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Retribution does the best it can with the PSP’s single analog stick. It maps aiming to the face buttons and indulges you with a generous amount of aim assist – but it still feels far from an ideal solution. It’s a shame really, because in every other respect this is classic Resistance: epic, explosive, and fast-paced.
Fitting neatly between the two PS3 titles, Retribution takes you across mainland Europe on a quest for revenge. James Grayson, a disgraced former Lieutenant and xenophobic cockney, is saved from a firing squad by the French Resistance and forced into a suicide mission in Rotterdam. Cue some casual racism – every other Frenchman is a “bloody frog” – as James juggles his objectives with his thirst for vengeance (his brother was a victim of Chimera conversion).
The game may struggle with the PSP’s crampy button layout, but you’ll be hard-pressed to find a more beautiful title on the system. The initially forgettable environments recall the monochromatic sludge of the first Resistance, rather than its brighter, bolder sequel, but the character models are superb. James looks full of character with his leather jacket complete with sewn-on badges, and each of the new Chimera types are great looking villains.
The change from first to third-person perspective is essential, for a number of reasons. Auto-aiming seems less offensive in a more distant view – you’d never get away with this much aim assistance in a true FPS – while the game’s snappy cover system would be ten times more fiddly in first-person. When it decides to work, cover is simple - unfortunately, you can only take cover when enemies are present, and sometimes not even then if James isn’t in precisely the right spot.
Thankfully, pulverizing alien scum is enormously satisfying. The series’ trademark crop of inventive weaponry is all present and correct, and there’s a good variety of Chimera to use them on. Our favorite new gun is the Razor, which launches homing energy blades that bounce from enemy to enemy. It’s much less satisfying using precision-based weapons like the Fareye sniper rifle, where the digital aiming proves annoyingly slow. It’s possible to come to terms with the controls by cranking the aiming speed to maximum and surrendering to aim assist, but at times the game’s PSP-enforced awkwardness will slap you hard across the chops.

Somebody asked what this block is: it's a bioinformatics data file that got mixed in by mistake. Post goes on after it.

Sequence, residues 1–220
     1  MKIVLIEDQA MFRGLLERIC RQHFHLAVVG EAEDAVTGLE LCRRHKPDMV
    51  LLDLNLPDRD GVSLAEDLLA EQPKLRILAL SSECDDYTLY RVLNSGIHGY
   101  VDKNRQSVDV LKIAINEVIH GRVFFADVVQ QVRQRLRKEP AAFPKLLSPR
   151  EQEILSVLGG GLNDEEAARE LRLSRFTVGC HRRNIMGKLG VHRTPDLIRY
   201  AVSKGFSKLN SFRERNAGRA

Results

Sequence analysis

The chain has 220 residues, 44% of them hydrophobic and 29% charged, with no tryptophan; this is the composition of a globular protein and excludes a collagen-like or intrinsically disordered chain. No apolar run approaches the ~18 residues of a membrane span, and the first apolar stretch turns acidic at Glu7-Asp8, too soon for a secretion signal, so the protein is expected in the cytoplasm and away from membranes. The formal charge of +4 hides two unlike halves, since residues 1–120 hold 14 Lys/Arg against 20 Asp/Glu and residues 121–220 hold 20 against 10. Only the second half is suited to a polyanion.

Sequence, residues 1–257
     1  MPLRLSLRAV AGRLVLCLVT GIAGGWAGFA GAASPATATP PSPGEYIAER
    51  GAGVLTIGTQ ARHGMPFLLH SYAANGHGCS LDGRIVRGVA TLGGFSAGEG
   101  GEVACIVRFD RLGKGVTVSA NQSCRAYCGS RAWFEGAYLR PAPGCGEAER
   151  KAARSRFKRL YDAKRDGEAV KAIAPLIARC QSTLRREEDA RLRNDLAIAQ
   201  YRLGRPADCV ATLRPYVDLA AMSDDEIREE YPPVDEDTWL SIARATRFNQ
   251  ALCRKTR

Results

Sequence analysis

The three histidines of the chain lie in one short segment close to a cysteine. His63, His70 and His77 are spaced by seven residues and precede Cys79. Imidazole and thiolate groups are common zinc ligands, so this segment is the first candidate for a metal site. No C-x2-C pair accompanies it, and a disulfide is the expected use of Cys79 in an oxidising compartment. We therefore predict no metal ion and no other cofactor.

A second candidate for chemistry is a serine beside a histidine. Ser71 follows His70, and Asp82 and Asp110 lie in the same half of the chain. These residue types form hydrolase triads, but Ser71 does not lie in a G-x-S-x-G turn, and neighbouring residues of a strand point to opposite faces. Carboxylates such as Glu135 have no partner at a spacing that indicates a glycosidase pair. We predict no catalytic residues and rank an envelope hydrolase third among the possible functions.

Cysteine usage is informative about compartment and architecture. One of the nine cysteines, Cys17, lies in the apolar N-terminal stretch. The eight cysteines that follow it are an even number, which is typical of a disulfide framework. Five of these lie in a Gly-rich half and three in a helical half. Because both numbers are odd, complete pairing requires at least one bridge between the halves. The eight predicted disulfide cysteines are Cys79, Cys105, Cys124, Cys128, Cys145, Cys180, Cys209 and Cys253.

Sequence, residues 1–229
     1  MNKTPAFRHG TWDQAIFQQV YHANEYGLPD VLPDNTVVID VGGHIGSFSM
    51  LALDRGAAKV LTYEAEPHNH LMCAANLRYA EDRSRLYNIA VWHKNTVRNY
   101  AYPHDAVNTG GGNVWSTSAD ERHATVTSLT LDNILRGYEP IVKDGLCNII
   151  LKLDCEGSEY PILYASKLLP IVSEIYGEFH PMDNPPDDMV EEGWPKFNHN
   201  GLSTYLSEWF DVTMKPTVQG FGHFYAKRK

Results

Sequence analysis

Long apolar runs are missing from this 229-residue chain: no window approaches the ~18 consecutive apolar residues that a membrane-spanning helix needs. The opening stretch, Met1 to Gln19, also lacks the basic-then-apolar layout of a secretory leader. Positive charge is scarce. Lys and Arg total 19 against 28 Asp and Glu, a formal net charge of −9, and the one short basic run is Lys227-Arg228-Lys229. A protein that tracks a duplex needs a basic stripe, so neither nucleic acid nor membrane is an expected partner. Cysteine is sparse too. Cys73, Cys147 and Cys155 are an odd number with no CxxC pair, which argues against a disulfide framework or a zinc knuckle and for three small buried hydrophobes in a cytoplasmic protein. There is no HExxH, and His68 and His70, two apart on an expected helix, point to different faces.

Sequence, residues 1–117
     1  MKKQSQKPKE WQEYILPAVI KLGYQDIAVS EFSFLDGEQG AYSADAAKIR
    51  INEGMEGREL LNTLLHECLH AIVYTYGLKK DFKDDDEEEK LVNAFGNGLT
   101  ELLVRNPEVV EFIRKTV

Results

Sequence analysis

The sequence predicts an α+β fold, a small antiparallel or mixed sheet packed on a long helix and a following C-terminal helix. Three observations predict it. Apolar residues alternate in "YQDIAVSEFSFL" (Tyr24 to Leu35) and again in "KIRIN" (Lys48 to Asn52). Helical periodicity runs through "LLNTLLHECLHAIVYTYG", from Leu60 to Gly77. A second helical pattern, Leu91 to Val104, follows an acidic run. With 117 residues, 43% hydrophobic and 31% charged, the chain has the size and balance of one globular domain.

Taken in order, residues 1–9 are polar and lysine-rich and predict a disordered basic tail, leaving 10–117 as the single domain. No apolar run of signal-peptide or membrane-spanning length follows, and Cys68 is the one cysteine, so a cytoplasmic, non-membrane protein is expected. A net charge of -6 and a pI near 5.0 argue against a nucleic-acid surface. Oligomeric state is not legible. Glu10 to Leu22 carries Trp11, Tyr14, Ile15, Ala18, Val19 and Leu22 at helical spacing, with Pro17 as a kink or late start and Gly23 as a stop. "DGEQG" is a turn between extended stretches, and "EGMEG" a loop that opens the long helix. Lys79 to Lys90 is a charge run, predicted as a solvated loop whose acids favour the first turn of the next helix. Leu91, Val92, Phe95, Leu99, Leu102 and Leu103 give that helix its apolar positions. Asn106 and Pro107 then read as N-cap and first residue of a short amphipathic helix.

While its stages are hardly indicative of the countries you’re supposedly in – most of James’ time in Bonn, Germany is spent down an alien ditch – they are at least well paced and full of variation. Although series creators Insomniac have had little to do with Retribution, Sony Bend have managed to retain the flavor of the franchise, injecting levels with giganto-monsters and intense, desperate combat. Later levels force you to use the fiddly cover system constantly as you’re assaulted by waves of Chimera.
We would like to have seen some exploratory downtime between combat situations – as it is, the near-constant barrage of enemies can get a bit much and there’s not really any reward for poking around the stages. The occasional ill-advised swimming section is thrown in as a token diversion, but it’s the combat that will really keep you engaged as it constantly switches between massive encounters with boss-like enemies and scrappy skirmishes with full Chimera hordes and Cloven soldiers (Russian grunts exposed to the Chimera virus and transformed into savage zombies).
If you look beyond the faults, Retribution is a perfectly pitched, thrilling action game. It is the finest shooter on PSP, but this accolade isn’t as prestigious as it might be because Sony’s handheld is a hostile place for first and third-person action games. Sony Bend has done a great job of making it as accessible and playable as possible, but it still feels like the devs have been asked to put a square peg in a round hole.
Mar 17, 2009
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